Charles, there is no doubt that now days more and more vehicles are equipped with natural gas tanks and fuel injection system due to various reasons. I think the major advantage with natural gas is its less pollution level and cost effectiveness.
Charles, if am not wrong, these natural gases are one of the purest forms of gasoline in gaseous stage. Then I would like to know what's the difference between the LPG (liqudified petroleum Gas – cooking gas) and natural gases.
I don't know much about LPG, mydesign, but I'll tell you what I know and maybe our readers can add to it. Natural gas is essentially methane, whereas liquefied petroleum (propane and butane) is a hydrocarbon-based gas. It is used in automobiles, but its energy density is lower than that of gasoline, so its fuel consumption is higher. As for a comparsion of emissions -- I'll leave that to any of our smart readers who want to chime in.
Mydesign, You are correct. Many vehicles could be modified to run on natural gas. I have a friend who has traveled extensively in Asia and found lots of natural gas powered vehicles there. There are also lots in South America. My understanding from him is that they have longer range. I am not sure of how that is compared.
As Chuck said, most of thevehicles we will see are trucks. In Chicago a large concrete company has said that all of its trucks are being replaced with natural gas burning vehciles by 2020 (I think). They have already started to deploy. The company is Ozinga and they have over 500 vehicles.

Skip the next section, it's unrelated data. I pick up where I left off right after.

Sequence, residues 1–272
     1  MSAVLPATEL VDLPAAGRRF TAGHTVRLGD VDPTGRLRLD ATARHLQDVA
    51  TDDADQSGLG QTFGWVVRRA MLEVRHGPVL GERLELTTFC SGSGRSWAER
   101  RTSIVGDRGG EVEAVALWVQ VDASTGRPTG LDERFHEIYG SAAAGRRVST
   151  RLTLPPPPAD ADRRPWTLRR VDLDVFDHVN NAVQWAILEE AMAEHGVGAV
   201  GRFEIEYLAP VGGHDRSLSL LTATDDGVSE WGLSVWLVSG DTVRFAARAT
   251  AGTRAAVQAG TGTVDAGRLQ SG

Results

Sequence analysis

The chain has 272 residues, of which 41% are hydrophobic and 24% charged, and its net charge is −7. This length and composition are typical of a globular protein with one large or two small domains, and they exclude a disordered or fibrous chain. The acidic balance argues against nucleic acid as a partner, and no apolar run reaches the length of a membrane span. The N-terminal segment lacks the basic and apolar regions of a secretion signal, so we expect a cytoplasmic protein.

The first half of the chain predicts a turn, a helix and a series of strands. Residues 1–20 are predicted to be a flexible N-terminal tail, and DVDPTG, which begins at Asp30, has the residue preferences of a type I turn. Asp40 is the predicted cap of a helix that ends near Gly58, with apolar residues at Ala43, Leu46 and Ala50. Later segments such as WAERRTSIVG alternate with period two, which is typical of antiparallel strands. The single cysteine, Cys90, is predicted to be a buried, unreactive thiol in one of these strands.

One of the big impacts of using natural gas in large trucks is that they tend to use a lot more fuel than the average automobile. That should have an outsized impact on oil usage here.
Agreed, mydesign. Natural gas pollutes less, whih is a big advantage. The downsides are the initial vehicle cost is a little higher, energy density is lower, and natural gas, for some reason, is not very compatible with the new higher-tech, direct injection systems.
Natural gas causes less pollution, is much more cheaper than petroleum and saves travel cost by a good margin. However, it is necessary that ample natural gas resource be present if the shift is under consideration.
@naperlou - I'm from South Asia so I can affirm to that. Most vehicles ranging from trucks down to the conventional taxi cab runs on natural gas over here and even though we have a rich natural gas resource over here, the overwhelming number of vehicles has caused a supply shortage resulting in crises.
@Charles - There is definitely performance degradation on natural gas, however there is increased efficiency due to cheaper cost. Another downside though, is that, there is a gas cylinder which takes up a lot of space when natural gas is used as a secondary fuel source.
I have travelled to Korea (south of course) fairly often and they stand out as an example of how this fuel integrates into a country. They have widespread fueling stations for both gasoline and LP (not sure if LP or CNG). To the average consumer, using either is not an issue. However, it appears that the use of LP is more widespread in taxis than regular drivers.
That being said, they have a whole different dynamic than here in the US. Korea is much smaller than the US (about 300 miles will get you the whole way across the country). People don't have to drive as far or as much. Public transportation (train, bus, taxi, etc...) is widely utilized.
I found out on one trip that there are considerations when in a place that LP is used. A co-worker and I could not fit ourselves and our luggage into a standard sized taxi that ran LP. The driver had us use another taxi that looked the same, but was gasoline powered. Everything fit fine in it.
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